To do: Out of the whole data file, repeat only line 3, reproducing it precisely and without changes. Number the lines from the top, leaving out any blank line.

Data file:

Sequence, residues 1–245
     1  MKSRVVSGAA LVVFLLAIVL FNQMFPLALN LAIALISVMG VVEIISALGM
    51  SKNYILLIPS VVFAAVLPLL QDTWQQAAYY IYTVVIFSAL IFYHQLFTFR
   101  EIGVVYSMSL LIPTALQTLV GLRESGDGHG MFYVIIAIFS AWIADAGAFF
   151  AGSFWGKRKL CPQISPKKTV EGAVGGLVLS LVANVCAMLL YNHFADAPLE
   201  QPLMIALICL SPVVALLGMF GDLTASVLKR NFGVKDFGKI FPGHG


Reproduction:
    51  SKNYILLIPS VVFAAVLPLL QDTWQQAAYY IYTVVIFSAL IFYHQLFTFR